Cristian Dimitrius: Taking the Amira UnderwaterMarc Ehrenbold
Emmy award-winner for wildlife cinematography, Cristian Dimitrius, has been commissioned by National Geographic, BBC, Discovery Channel, Animal Planet, History Channel, and Globo TV to film various documentaries. His projects have brought him to different remote locations all around the globe filming endangered species.
He aspires to share the beauty of nature to his audiences, instill respect for, and value of earth’s natural resources.
Armed with the ARRI Amira, he goes underwater filming wild manatees in their natural habitat in Florida.
Dimitrius sought to capture images of how wild manatees behave in the shallow waters of Crystal River. These gentle creatures converge in the winter, giving him a great opportunity to capture their natural behavior in film – maybe some mother and cub interactions, swimming around, and any unexpected events that might happen when filming animals in the wild.
His goal was to have a very cinematic yet, much natural look as possible that can draw an emotional response from his audience. Since his subject is s bit larger than usual, albeit smaller for normal underwater standards, guaranteeing focus on the whole animal meant a shallow field depth will not be an option.
Dimitrius has used the ARRI Alexa in Brazil filming a natural history productions. He loves how the sensors work in the camera on land-based subjects and wanted to bring the experience in underwater filming and still retain the look and feel he desired. For this, he knew he needed the Alexa’s little sister, the ARRI Amira.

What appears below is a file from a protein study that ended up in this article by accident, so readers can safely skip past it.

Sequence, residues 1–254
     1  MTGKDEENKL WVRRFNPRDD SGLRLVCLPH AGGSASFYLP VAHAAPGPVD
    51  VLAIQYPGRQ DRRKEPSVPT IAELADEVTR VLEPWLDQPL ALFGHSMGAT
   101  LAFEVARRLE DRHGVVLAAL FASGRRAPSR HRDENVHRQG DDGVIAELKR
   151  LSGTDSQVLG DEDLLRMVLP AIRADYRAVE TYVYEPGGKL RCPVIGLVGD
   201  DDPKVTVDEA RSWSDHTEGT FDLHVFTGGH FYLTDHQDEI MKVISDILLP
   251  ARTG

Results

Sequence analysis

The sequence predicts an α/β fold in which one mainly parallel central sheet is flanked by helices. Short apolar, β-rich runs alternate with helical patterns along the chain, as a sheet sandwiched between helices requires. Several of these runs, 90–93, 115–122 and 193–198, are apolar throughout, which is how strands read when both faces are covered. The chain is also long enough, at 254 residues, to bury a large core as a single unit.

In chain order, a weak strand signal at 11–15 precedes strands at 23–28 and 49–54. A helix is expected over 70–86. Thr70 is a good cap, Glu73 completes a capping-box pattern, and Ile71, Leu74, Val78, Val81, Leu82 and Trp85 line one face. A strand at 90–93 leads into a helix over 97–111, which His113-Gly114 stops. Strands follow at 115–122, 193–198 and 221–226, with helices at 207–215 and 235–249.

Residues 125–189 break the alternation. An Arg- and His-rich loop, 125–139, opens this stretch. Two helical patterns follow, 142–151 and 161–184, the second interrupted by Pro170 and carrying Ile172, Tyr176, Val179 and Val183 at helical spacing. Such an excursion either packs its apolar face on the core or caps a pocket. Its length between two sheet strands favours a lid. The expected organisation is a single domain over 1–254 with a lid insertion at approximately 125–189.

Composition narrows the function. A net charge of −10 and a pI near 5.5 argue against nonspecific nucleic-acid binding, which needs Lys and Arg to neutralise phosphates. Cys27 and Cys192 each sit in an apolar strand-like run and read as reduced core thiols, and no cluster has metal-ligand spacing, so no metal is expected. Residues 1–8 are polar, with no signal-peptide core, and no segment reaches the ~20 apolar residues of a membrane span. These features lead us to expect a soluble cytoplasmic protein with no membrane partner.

He chose the Amira not for the quality alone, but the securely sealed electronics that provide added protection against humidity and accidental drops that comes when working on boats on the water.
The Amira’s efficient cooling system makes it a good camera to place inside any underwater casing. He also thought that the Amira has the just the size and weight for the job.
He was very satisfied about the camera’s ergonomics, how it would be perfect for a small team or one-man operations. During land takes, it can be easily positioned on a tripod to accommodate low-angle shots.
While underwater and inside the housing, he can move the Amira around with great ease, only requiring assistance from one person when putting the camera into the water and back on the boat. This makes the Amira an efficient camera for wildlife documentaries as small teams are needed in this kind of environment.
shot with ARRI AMIRA
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